In what can only be considered the very definition of irony, it has been discovered that Path 2 for iPhone secretly uploads and stores your entire address book to its servers. In case you didn’t know, Path is a hot iOS app that offers an exclusive, confined social network experience with a limited number of people. Unlike Facebook, Path only lets you accept 150 friends, indicating the intimate, safe environment that the app creators want users to feel at home in.

Developer Arun Thampi has uncovered that Path’s current iPhone app sends all of your contacts to its servers without notifying you. Oops.

Apple Seeds Yet Another OS X Lion 10.7.3 Build To Developers



Developers have already received several pre-release builds of Apple’s OS X Lion 10.7.3 software, and we had expected last week’s release to be the last one before the update goes public. But it seems there’s still some testing to be done. Apple has seeded yet another build to developers through the Mac Dec Center, this time with the build number 11D50.

Quickly Add Missing Contact Info To Your Address Book By Syncing Contacts With Facebook [iOS Tip]



Adding contact information to your phone can be a tedious task, especially with devices like the iPhone, which allow you to add a whole lot more than just a name and a phone number. But there is one quick and easy way to add missing information to your address book without even touching your device’s virtual keyboard: Syncing your contacts with Facebook.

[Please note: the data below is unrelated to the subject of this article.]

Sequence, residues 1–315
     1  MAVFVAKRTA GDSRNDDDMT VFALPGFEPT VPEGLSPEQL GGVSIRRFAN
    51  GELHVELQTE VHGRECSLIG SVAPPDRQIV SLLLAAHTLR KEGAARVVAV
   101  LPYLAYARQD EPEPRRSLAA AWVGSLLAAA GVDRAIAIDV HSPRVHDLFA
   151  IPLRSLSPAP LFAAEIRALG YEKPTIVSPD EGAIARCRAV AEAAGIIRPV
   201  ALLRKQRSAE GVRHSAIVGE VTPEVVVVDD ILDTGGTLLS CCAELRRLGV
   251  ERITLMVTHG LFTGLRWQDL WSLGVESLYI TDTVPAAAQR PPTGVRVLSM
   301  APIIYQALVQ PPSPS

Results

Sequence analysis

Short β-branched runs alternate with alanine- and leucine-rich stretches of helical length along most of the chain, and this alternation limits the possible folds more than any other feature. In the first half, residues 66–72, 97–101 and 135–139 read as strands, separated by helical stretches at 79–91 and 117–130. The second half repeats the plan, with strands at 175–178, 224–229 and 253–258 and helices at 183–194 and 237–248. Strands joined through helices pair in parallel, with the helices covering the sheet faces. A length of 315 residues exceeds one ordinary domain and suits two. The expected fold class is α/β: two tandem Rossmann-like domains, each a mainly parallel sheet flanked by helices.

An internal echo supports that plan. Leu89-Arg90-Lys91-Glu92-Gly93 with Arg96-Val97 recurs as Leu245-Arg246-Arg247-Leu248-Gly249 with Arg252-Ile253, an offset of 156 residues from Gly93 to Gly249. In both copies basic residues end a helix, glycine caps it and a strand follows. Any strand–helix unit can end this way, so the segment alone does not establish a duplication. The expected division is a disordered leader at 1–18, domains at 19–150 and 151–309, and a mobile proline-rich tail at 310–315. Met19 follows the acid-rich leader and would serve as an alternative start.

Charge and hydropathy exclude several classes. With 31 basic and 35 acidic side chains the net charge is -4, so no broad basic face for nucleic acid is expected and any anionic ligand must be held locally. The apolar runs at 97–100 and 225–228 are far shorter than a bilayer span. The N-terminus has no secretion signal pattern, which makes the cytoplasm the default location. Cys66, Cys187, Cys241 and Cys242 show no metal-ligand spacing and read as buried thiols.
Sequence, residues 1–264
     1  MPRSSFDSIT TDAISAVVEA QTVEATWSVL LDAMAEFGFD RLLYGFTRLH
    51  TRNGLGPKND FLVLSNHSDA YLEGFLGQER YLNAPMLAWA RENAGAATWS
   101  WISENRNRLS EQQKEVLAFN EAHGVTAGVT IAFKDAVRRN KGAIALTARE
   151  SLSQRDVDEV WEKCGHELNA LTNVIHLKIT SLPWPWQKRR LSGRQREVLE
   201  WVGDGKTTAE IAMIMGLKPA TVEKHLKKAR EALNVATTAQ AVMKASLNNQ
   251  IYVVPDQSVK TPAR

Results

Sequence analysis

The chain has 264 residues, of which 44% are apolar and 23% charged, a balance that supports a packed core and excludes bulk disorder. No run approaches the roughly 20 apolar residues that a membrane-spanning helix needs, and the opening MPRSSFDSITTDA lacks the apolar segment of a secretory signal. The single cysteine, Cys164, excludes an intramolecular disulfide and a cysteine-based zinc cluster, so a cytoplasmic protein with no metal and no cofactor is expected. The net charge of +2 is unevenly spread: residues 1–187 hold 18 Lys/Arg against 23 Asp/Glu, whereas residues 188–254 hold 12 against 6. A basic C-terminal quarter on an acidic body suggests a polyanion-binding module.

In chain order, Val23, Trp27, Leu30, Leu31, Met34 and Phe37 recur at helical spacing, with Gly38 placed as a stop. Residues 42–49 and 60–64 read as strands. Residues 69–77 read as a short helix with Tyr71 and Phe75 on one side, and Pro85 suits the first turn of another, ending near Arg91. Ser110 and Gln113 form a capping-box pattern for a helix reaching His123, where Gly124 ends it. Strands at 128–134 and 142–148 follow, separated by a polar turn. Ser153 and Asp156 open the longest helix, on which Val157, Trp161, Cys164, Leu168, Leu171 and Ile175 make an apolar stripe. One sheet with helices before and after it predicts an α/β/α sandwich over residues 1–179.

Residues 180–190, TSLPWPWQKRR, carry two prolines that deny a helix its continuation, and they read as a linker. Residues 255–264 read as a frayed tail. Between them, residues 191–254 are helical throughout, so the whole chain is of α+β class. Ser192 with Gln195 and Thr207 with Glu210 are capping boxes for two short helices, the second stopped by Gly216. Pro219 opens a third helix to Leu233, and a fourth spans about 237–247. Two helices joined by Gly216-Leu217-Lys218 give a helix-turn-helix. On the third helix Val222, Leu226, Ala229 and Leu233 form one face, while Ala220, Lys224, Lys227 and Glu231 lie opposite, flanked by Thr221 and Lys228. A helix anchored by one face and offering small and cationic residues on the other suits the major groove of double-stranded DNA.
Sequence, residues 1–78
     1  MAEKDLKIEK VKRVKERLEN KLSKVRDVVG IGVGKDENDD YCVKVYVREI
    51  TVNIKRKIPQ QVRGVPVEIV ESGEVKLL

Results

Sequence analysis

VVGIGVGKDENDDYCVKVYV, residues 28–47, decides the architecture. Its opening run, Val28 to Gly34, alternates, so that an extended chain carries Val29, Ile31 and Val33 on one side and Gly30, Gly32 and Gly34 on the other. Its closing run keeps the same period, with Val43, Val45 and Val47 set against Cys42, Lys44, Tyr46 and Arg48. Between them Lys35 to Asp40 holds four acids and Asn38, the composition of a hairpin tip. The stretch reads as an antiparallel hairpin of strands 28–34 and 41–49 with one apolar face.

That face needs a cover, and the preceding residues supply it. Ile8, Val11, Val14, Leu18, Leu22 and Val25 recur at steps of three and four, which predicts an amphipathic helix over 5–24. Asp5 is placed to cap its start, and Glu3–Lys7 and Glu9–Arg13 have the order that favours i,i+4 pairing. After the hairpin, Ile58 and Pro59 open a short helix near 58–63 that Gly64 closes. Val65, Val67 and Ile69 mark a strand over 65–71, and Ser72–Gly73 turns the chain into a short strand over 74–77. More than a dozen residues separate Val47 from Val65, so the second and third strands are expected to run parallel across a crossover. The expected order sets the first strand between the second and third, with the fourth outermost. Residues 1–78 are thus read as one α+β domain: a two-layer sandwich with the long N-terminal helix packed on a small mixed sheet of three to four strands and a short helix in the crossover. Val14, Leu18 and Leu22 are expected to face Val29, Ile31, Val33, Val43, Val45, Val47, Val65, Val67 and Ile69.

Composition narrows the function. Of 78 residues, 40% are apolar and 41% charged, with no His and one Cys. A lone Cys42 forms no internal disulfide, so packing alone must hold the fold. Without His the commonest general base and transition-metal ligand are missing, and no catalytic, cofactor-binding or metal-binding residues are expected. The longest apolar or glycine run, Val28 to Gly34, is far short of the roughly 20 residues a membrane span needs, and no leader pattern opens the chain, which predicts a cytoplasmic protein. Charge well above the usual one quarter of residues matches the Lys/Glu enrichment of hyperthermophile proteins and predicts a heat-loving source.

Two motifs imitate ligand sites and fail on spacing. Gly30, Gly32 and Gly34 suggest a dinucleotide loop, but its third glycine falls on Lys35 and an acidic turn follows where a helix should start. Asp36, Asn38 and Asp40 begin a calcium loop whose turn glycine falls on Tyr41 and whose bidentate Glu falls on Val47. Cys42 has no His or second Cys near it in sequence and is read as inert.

If you’re a Facebook user — and who isn’t these days? — and you have the official Facebook app installed on your device, you can add birthdays, URLs, and even photos to your address book in just a few taps.

Easily Backup Your Address Book Contacts To External Media And Maintain A Historical Archive [OS X Tips]



I ran into someone the other day and he told me that he had over 700 contacts in the Address Book app on his Mac. He expressed concern about losing those contacts. I asked him, “are you performing backups on your Mac?” He wasn’t. We talked about the various ways he could backup his Mac (i.e. Time Machine, external drive, etc.), but I also shared a tip with him that focuses on his contacts.

How to Give Address Book A Clean and Simple Look in Lion


Address Book in Lion

In OS X Lion, Apple redesigned Address Book with a new look that resembles a physical hardcover book binding. This type of design choice is called “skeuomorphic,” because it was, “deliberately employed to make the new look comfortably old and familiar.” Lion’s version of Address Book takes the old look and feel of a physical book and ports that to a virtual application.

While some may like the new look of Address Book in Lion, many have raised complaints. If you’d like to make Address Book look clean and simple again, we’ve got just the trick to unbind Address Book from its brown hardcover.